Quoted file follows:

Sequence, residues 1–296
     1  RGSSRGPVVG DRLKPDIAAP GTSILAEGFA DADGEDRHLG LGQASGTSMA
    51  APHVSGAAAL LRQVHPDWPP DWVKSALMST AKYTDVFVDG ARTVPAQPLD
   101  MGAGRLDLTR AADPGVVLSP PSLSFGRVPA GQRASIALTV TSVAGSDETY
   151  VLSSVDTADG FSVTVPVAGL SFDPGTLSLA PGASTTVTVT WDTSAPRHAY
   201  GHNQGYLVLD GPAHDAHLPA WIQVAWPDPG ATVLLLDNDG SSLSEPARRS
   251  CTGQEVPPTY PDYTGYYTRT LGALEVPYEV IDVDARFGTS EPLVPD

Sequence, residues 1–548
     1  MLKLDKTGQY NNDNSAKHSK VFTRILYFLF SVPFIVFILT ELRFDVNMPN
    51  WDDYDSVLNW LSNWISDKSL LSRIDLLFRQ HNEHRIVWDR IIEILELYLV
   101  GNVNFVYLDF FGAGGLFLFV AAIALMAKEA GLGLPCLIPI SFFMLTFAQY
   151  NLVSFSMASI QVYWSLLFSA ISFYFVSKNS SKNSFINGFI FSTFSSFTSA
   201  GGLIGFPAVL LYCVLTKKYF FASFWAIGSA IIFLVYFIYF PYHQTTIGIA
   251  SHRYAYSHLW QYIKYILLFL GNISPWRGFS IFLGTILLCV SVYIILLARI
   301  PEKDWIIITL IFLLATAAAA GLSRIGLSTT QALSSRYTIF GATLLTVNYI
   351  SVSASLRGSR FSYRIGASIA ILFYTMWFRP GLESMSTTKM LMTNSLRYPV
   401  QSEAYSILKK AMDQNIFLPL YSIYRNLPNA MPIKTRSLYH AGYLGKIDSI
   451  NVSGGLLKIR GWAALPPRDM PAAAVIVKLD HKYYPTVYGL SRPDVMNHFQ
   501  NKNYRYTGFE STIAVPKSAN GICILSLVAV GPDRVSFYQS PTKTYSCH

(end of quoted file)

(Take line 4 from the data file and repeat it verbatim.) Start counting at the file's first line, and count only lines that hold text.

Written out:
   101  MGAGRLDLTR AADPGVVLSP PSLSFGRVPA GQRASIALTV TSVAGSDETY